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Victor C. Hall Victor C. Hall i(A11112 works by) (a.k.a. Victor Charles Hall; Vic Hall; V. C. Hall)
Born: Established: ca. 10 Mar 1896 Surrey,
United Kingdom (UK),
Western Europe, Europe,
; Died: Ceased: 1972
Gender: Male
Arrived in Australia: ca. 1919
Heritage: English
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Descended from generations of artists, and himself an art student before the outbreak of World War I, Hall arrived in Australia as a 'very young and very disillusioned ex-soldier of the first World War' (Outback Policeman, p. 1). He worked as a jackaroo in Western Australia and as a pearl fisher out of Broome before moving to the Northern Territory and enlisting for the Mounted Police in 1924. He lived in the Northern Territory for forty years, twenty years of them with the Mounted Police, spending time in remote stations including Tennant Creek, Pine Creek and Maranboy, and was involved in the Caledon Bay murders of 1932, which he later wrote about in his Dreamtime Justice (1962). He was injured in the first bombing raid on Darwin in 1942, resigned from the Police Force in 1943 and served with the army until 1945.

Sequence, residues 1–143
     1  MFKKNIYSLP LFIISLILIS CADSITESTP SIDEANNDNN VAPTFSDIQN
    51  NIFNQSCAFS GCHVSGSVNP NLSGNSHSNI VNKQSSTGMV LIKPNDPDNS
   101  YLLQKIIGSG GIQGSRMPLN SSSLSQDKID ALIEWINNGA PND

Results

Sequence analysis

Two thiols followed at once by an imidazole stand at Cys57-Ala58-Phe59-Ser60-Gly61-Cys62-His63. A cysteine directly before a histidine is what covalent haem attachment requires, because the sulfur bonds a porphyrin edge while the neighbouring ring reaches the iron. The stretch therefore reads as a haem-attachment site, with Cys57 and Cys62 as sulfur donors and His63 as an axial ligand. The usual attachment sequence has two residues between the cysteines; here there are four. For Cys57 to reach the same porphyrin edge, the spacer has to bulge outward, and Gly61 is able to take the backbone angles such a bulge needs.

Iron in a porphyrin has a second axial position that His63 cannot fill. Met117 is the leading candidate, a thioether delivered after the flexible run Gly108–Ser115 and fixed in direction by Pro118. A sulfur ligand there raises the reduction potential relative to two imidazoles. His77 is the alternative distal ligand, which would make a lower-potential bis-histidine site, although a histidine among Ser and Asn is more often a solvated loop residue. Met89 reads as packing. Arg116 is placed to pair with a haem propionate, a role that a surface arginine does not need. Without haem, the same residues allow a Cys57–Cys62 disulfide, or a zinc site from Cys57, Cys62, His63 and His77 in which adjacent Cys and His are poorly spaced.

After being demobilised he worked as an artist until semi-blindness caused by an earlier injury made this impossible, then determined to support himself by his writing. He had shorts, features and factual short stories published in the Australasian Post and The Australian Journal and published several books based on his experience in the Northern Territory and the people he worked with, using a fictional form in order to catch the interest of his readers, and writing with love, respect and admiration for the Aboriginal people. Hall also wrote the biography, Namatjira of the Aranda (1962). In his later years he was totally blind, and lived in Adelaide for about six years.

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Last amended 19 Apr 2004 15:12:47
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